Slavery And Its Morals In The Novel Incidents In The Life Of A Slave Girl
The definition of morals, according to OXFORD, is concerned with or derived from the code of interpersonal behavior that is considered right or acceptable in a particular society. Many white southerners, especially slave owners, almost acted as if these morals never existed. In the novel Incidents in the Life of a Slave Girl, Harriet Jacobs, the author, explains her life while trying to escape her horrors and struggles of slavery. “Incidents in the Life of a Slave Girl was written as an autobiography in the form of a memoir, to highlight the more important parts of her life” (Butler). Harriet wrote this novel showing her experiences with the almost non existent morals from her slave master, Dr. Flint. Throughout the entire book, Harriet focusus on the immorality of slavery, the many abuses, and expressing her little to no rights she had. She also showed the effect on slaveholder families.
Slaves received barely any rights from their master. Many of the rights included being able to read and write, attend church, or go into the town nearby. Slaves worked long, brutal hours under harsh conditions, for nothing for their services. As Harriet stated in the novel,
“I had not lived fourteen years in slavery for nothing. I had felt, seen, and heard enough, to read the characters, and question the motives of those around me. The war of my life had begun; and though one of God’s most powerless creatures, I resolved never to be conquered.” (Chapter 4)
Harriet had fought back against Dr Flint., her slave master. He would often punish her for even talking back. When she was a young girl, Harriet was taught to read by her mistress and this was very uncommon for a slave to be able to read and write. Since she was able to learn something slaves were not taught, she believed she can prove to the southern white people that slaves were also people that should be educated. Harriet knew she was born with basic human rights and would fight until she was free of this. According to the Universal Declaration of Human Rights, the first article states that all human beings are born free and equal in dignity and rights. They are endowed with reason and conscience and should act towards one another in a spirit of brotherhood. The slave masters took advantage of the slaves for being uneducated and the color of their skin. They took the rights slaves had and made them believe that slavery was their only option.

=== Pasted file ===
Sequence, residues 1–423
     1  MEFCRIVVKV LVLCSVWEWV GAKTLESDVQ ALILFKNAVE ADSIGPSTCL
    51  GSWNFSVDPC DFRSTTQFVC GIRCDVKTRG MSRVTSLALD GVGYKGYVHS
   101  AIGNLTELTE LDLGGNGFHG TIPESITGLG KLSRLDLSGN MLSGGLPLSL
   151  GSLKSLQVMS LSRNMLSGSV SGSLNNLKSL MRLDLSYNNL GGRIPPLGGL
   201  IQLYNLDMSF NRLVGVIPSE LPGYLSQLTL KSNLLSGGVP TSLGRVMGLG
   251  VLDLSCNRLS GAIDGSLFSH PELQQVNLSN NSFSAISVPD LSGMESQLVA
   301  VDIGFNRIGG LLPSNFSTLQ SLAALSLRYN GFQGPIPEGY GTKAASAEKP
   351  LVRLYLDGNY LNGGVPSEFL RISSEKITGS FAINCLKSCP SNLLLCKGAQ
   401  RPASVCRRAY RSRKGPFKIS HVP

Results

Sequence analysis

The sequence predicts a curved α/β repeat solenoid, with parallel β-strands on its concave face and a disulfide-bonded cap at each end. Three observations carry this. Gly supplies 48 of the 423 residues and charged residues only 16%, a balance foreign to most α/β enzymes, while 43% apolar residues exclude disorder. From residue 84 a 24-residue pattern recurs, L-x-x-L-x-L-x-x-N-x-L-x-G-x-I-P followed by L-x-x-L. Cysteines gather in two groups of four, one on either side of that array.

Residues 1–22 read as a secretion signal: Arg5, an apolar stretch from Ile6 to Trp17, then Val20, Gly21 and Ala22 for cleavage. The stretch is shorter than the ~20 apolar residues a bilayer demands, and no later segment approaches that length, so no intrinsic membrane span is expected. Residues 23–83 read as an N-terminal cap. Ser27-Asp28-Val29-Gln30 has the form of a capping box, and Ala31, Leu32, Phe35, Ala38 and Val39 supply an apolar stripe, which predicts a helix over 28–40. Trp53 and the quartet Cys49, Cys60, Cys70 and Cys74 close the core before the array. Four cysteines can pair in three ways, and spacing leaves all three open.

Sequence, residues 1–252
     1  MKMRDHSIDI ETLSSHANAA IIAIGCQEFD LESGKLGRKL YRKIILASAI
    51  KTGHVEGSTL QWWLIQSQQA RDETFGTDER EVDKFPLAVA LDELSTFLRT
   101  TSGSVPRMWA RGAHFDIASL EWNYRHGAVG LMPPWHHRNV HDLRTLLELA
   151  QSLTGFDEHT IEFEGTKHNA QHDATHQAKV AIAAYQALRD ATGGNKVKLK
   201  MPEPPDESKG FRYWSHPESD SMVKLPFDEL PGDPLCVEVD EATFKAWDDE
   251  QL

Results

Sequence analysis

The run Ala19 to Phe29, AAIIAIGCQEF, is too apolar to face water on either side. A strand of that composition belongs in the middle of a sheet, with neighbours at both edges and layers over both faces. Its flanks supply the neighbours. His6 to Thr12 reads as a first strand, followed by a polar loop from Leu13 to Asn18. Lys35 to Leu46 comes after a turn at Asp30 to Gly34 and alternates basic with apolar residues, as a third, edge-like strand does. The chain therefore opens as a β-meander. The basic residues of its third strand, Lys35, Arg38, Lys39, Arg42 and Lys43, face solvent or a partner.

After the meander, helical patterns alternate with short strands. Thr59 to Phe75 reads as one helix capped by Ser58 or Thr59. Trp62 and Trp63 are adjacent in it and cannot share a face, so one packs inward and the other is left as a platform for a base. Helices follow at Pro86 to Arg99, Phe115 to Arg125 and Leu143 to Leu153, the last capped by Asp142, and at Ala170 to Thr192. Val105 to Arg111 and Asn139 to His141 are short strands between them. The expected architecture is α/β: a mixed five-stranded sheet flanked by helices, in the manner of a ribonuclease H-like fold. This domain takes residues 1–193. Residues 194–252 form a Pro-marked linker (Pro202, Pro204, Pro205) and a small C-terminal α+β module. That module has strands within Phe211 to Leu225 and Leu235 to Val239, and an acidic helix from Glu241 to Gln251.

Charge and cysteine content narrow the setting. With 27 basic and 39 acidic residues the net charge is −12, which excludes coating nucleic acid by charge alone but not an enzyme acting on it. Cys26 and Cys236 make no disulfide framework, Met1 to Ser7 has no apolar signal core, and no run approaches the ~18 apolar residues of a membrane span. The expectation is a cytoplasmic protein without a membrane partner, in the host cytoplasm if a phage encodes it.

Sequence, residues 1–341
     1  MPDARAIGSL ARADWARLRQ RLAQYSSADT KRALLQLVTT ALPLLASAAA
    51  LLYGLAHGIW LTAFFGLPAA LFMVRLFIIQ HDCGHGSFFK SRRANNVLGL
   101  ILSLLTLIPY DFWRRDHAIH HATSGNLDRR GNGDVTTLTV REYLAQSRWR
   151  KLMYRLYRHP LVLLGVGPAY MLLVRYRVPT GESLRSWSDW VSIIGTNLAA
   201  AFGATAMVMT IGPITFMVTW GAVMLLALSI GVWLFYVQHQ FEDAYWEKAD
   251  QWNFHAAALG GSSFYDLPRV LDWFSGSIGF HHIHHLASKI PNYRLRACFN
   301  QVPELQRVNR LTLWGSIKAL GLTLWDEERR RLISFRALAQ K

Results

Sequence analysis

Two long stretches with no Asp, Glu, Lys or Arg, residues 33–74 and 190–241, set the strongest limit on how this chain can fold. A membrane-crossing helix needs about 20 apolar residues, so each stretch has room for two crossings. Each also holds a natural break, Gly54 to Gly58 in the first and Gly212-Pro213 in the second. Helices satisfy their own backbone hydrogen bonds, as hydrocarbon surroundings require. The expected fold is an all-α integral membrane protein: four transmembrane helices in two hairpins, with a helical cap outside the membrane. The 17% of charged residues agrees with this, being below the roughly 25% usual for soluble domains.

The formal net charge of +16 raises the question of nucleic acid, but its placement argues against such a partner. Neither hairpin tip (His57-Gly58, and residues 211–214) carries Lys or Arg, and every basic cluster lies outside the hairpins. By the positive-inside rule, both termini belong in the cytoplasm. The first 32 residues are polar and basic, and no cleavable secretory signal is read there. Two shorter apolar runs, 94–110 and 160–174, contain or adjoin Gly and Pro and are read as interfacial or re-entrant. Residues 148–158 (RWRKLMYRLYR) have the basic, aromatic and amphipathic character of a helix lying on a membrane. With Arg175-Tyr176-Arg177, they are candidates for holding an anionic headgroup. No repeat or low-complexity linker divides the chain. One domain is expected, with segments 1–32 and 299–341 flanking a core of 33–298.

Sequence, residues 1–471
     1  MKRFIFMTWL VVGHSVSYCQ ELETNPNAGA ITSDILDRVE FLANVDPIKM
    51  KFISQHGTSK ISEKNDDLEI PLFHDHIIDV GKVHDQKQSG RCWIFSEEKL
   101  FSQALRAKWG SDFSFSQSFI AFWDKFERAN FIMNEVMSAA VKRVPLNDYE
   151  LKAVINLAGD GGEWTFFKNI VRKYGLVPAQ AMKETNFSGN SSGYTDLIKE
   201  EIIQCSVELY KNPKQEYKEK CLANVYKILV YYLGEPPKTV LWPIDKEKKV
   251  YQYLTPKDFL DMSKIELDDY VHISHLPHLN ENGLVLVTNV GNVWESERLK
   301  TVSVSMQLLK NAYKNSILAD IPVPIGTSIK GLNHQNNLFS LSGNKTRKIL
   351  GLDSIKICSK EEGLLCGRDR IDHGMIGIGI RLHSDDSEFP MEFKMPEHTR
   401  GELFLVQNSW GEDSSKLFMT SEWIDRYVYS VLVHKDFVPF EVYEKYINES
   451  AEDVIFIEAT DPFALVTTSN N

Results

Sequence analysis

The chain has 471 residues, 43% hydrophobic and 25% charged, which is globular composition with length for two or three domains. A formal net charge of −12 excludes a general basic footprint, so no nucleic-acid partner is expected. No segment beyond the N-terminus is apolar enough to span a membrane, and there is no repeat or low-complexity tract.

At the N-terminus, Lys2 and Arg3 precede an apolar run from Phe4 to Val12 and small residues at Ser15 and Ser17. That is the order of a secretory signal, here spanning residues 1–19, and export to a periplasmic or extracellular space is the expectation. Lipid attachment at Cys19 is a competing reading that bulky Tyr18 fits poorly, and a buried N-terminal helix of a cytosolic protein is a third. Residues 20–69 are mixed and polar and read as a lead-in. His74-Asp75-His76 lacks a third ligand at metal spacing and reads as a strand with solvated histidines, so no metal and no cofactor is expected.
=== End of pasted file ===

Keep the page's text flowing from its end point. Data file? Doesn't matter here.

Slave masters in the south were usually white men and were controlling everything when it came to power, assigning slaves work, and punishment. Many of the slave masters had no morality when committing the love of their wives. Many wifes of slave masters were affected by how their husbands would be attracted by the female slaves and soon it would turn into a sexual relationship. Harriet would explain in the novel how the household would change when some of the enslaved women would get pregnant. As Harriet explained in the novel,